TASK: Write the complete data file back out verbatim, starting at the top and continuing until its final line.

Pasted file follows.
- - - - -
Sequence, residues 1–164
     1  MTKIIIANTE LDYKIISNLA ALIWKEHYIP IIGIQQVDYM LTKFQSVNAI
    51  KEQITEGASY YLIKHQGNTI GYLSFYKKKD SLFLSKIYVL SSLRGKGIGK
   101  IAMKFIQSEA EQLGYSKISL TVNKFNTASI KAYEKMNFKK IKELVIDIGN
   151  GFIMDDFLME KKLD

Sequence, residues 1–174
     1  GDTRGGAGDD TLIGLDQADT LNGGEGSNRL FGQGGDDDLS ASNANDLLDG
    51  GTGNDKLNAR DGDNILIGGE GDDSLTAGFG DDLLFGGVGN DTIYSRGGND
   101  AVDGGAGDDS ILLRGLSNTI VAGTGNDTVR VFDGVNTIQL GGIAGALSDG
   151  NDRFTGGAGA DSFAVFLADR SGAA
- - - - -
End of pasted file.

Sequence, residues 1–164
     1  MTKIIIANTE LDYKIISNLA ALIWKEHYIP IIGIQQVDYM LTKFQSVNAI
    51  KEQITEGASY YLIKHQGNTI GYLSFYKKKD SLFLSKIYVL SSLRGKGIGK
   101  IAMKFIQSEA EQLGYSKISL TVNKFNTASI KAYEKMNFKK IKELVIDIGN
   151  GFIMDDFLME KKLD

Sequence, residues 1–174
     1  GDTRGGAGDD TLIGLDQADT LNGGEGSNRL FGQGGDDDLS ASNANDLLDG
    51  GTGNDKLNAR DGDNILIGGE GDDSLTAGFG DDLLFGGVGN DTIYSRGGND
   101  AVDGGAGDDS ILLRGLSNTI VAGTGNDTVR VFDGVNTIQL GGIAGALSDG
   151  NDRFTGGAGA DSFAVFLADR SGAA